Within 30 days of identifying the trend in delayed blood draws, the team had come up with the idea of having the phlebotomist perform whatever draws had not been done.
"We saw the trends and broke it down to where the problem was, then fixed it," she says.
Another initiative involved making sure that the Foley catheters are removed as quickly as possible following orthopedic surgery.
"We were finding out that on the day the patients were ready for discharge, the catheters were still in. Instead of discharging them on the morning of Day 2 or 3, we had to pull the Foley and keep the patients until they could void. Instead of a 10 a.m. discharge, the patients might stay until 3 p.m. or 4 p.m.," Stinson says.
The team revised the order sets for orthopedic patients, adding the order to remove the Foley catheter at the same time the nurses disconnect the PCA pump for pain control and discontinue IV fluids. The risk management department tracks the trends for the system.
Changing the order sets to include removing the Foley catheters took around two months because the physician staff had to be involved.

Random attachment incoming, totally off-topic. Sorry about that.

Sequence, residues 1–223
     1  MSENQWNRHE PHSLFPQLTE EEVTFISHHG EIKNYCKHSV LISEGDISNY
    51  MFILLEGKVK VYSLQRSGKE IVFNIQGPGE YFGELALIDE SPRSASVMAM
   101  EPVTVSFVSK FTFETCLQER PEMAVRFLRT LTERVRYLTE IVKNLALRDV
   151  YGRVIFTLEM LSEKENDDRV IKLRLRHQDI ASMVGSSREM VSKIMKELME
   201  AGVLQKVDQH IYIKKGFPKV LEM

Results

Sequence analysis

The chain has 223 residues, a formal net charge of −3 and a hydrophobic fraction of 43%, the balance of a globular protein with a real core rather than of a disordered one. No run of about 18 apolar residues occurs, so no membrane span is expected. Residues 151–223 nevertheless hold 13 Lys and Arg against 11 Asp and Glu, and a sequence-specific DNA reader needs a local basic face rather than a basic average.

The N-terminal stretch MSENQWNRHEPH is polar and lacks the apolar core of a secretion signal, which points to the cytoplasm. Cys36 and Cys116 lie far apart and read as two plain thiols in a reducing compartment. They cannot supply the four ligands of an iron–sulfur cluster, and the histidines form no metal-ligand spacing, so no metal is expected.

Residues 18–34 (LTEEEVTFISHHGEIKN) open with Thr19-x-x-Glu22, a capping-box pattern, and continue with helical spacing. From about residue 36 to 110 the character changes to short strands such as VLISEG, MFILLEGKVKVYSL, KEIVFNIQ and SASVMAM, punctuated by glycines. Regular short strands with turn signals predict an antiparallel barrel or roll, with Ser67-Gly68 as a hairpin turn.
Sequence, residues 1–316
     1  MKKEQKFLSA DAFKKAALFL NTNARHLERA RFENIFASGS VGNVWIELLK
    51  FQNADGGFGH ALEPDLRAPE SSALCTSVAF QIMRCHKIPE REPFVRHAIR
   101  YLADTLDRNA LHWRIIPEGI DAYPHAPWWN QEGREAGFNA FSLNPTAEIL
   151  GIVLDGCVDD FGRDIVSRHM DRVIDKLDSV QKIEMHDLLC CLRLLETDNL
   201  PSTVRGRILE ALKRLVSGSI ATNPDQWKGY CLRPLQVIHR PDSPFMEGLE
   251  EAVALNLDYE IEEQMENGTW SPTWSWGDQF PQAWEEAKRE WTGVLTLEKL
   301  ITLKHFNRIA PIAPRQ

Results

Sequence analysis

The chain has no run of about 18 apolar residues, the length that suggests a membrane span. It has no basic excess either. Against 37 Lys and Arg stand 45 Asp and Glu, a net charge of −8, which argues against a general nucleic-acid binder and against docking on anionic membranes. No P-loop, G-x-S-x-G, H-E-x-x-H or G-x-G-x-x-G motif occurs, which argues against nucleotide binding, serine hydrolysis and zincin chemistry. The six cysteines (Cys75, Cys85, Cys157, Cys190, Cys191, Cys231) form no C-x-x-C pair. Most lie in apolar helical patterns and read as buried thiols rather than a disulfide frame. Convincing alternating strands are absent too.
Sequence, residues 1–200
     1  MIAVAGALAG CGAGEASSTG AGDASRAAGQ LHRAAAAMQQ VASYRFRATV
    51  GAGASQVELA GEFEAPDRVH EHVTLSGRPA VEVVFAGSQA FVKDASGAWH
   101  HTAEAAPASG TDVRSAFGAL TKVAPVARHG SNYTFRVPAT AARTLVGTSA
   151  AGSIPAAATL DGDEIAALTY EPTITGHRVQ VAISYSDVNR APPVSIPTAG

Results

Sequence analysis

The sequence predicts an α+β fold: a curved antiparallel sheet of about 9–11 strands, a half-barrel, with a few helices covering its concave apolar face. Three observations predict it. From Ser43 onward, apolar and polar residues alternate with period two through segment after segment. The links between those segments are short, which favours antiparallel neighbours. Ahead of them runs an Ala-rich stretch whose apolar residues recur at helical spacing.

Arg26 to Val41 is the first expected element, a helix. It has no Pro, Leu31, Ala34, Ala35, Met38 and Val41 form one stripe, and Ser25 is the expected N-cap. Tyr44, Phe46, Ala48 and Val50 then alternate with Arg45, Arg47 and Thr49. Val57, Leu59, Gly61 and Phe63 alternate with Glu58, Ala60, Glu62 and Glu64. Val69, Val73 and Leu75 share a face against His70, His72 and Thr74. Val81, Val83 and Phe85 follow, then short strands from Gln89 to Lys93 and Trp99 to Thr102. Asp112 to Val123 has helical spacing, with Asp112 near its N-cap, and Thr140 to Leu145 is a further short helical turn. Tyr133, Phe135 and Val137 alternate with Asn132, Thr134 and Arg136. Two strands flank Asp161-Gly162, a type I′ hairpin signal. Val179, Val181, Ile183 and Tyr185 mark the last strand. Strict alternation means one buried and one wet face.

"In the meantime, we made everyone aware of it and alerted them to get the Foleys out in a timely manner," Stinson says.
The case managers began looking at the order sets first thing in the morning to make sure everything was being completed.
The hospital has 13 case managers who are assigned by physician. The average caseload is 12 to 15 patients at a time.
The case managers are responsible for utilization review, discharge planning, clinical documentation improvement, teaching, monitoring core measures, and other quality initiatives. The staff works six days a week and is on call on Sunday.
(For more information, contact: Jennifer Stinson, RN, BSN, CCM, firstname.lastname@example.org.)